The association between particular major histocompatibility complex class I (MHC-I) alleles and control of human immunodeficiency virus (HIV) and simian immunodeficiency virus (SIV) replication implies that certain CD8+ T-lymphocyte (CD8-TL) responses are better able than others to control viral replication in vivo. However, possession of favorable alleles does not guarantee improved prognosis or viral control. In rhesus macaques, the MHC-I allele Mamu-B*17 is correlated with reduced viremia and is overrepresented in macaques that control SIVmac239, termed elite controllers (ECs). However, there is so far no mechanistic explanation for this phenomenon. Here we show that the chronic-phase Mamu-B*17-restricted repertoire is focused primarily against just five epitopes - VifHW8, EnvFW9, NefIW9, NefMW9, and envARFcRW9 - in both ECs and progressors. Interestingly, Mamu-B*17-restricted CD8-TL do not target epitopes in Gag. CD8-TL escape variation occurred in all targeted Mamu-B*17-restricted epitopes. However, recognition of escape variant peptides was commonly observed in both ECs and progressors. Wild-type sequences in the VifHW8 epitope tended to be conserved in ECs, but there was no evidence that this enhances viral control. In fact, no consistent differences were detected between ECs and progressors in any measured parameter. Our data suggest that the narrowly focused Mamu-B*17-restricted repertoire suppresses virus replication and drives viral evolution. It is, however, insufficient in the majority of individuals that express the "protective" Mamu-B*17 molecule. Most importantly, our data indicate that the important differences between Mamu-B*17-positive ECs and progressors are not readily discernible using standard assays to measure immune responses.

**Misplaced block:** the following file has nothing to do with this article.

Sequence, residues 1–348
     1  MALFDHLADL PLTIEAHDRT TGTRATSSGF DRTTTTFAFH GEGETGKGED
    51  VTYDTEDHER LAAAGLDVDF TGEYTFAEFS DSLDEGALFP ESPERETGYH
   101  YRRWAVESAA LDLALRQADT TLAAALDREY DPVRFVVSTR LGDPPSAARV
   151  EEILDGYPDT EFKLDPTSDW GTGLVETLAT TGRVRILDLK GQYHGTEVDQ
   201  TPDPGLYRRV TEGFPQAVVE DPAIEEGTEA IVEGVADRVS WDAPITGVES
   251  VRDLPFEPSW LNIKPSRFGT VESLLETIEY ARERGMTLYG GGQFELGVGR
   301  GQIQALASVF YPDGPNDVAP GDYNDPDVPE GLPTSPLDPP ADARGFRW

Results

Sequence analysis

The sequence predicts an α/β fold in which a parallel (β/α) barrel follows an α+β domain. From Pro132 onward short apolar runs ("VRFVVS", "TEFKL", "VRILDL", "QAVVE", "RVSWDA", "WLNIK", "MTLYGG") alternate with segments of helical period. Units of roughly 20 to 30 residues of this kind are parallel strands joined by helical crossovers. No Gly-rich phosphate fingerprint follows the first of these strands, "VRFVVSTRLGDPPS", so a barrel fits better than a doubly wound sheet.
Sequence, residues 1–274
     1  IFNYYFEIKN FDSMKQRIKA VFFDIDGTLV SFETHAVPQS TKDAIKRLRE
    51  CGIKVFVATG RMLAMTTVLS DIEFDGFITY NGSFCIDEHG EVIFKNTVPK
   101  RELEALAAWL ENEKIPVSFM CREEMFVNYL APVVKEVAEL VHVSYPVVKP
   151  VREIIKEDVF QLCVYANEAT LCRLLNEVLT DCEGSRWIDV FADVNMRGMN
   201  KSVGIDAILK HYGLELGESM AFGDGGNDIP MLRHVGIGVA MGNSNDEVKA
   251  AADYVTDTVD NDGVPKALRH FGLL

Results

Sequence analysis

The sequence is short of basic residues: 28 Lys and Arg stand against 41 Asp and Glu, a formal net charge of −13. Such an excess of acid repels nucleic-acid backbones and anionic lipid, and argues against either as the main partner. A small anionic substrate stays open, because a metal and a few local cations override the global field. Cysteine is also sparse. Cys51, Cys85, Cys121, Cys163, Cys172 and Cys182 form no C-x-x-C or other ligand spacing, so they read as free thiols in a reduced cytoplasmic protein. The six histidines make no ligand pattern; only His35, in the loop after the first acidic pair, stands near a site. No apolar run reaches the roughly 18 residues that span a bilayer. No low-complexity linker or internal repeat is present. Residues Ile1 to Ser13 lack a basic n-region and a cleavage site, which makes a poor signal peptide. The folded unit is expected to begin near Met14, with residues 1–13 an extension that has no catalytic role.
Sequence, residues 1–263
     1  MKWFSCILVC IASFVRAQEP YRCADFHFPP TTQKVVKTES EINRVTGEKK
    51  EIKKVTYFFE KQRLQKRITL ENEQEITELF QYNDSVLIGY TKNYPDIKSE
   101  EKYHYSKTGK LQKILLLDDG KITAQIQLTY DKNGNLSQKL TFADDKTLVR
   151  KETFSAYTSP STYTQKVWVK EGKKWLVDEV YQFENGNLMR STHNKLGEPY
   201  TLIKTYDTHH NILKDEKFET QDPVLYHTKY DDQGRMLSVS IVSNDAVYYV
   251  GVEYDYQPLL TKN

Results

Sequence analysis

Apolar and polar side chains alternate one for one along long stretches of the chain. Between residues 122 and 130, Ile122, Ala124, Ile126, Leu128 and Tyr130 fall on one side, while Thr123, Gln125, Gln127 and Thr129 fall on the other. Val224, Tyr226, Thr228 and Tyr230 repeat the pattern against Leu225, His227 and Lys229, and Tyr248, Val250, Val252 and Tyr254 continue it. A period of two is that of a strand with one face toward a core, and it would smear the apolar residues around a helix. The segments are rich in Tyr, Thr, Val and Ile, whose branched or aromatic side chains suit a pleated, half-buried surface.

ASJC Scopus subject areas
- Insect Science